Northwest Community Organization pamphlet, 12th Street Detroit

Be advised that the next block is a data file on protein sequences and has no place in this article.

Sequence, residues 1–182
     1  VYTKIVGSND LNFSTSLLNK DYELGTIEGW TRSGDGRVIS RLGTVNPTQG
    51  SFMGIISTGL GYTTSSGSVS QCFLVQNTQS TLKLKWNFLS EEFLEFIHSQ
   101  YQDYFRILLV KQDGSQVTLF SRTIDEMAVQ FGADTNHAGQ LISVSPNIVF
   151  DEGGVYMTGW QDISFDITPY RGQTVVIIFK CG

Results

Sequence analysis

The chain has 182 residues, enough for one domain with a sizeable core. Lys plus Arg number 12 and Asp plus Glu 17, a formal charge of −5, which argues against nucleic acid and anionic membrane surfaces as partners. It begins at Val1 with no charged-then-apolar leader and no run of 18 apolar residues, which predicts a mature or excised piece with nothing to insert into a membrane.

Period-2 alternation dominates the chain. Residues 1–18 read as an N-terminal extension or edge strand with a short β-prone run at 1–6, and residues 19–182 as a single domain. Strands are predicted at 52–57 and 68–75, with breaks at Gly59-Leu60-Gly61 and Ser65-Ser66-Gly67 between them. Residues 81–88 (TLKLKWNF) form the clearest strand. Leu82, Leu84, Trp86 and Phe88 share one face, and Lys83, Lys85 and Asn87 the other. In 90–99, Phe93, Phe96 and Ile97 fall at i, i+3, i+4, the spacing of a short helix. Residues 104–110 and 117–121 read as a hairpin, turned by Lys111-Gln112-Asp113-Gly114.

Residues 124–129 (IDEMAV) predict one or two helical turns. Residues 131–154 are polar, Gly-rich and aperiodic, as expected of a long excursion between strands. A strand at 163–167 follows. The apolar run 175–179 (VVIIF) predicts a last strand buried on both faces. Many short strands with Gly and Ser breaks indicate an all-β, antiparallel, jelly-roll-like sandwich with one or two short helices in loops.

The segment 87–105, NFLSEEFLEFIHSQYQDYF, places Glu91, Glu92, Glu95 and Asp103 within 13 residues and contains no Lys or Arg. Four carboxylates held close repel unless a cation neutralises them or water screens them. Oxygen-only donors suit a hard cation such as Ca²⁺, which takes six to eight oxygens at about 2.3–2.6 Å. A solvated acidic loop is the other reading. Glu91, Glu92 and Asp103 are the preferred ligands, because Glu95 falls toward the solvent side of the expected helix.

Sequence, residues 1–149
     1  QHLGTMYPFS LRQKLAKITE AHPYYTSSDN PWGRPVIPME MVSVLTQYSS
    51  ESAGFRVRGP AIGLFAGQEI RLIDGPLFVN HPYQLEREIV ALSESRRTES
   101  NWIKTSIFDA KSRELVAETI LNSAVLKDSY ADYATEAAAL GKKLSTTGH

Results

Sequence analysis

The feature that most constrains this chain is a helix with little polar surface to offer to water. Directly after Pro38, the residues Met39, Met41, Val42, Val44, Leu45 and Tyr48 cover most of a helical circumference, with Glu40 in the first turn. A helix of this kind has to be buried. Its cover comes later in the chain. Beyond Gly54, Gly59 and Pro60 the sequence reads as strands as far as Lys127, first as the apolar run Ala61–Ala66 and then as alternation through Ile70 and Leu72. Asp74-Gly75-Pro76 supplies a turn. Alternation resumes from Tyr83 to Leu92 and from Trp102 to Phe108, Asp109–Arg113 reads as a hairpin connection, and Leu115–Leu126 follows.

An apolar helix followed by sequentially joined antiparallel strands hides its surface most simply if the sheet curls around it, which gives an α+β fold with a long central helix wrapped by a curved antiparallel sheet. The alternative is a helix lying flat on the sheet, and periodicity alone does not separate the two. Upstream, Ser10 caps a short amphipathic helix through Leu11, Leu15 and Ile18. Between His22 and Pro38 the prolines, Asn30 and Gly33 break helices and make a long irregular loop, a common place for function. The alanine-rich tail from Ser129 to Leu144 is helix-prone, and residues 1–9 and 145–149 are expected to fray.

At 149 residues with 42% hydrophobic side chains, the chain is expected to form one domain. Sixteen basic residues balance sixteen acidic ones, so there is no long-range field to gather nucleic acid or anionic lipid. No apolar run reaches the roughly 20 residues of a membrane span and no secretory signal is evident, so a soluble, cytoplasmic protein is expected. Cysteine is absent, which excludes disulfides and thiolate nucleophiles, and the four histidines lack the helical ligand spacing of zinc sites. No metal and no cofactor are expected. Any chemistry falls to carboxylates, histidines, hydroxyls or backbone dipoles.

On the evening of July 23, 1967, the Detroit Vice Squad officers raided an unlicensed bar on the corner of 12th Street and Clairmount Avenue in the center of the city’s oldest and poorest Black neighborhood. The people in the bar were celebrating the return of two Black servicemen from Vietnam. The officers arrested all 85 people present at the party, and what transpired afterwards was one of the largest urban uprisings of the 1960s. Lasting five days, 43 people died in the urban rebellion, 342 were injured and nearly 1,400 buildings were burned. The deeper causes of the 1967 Detroit Riots were the Black community’s high level of resentment, frustration and anger at persistent racism and residential segregation, poverty, police brutality and lack of economic and educational opportunities. In the aftermath of the uprising, many community groups formed to address the area’s complex problems. The Northwest Community Organization (NCO) is an example of this effort. NCO’s focus on integration after the Civil Rights Act of 1965 demonstrates the limitations of legislative victories in their ability to change the everyday experiences of Black people.
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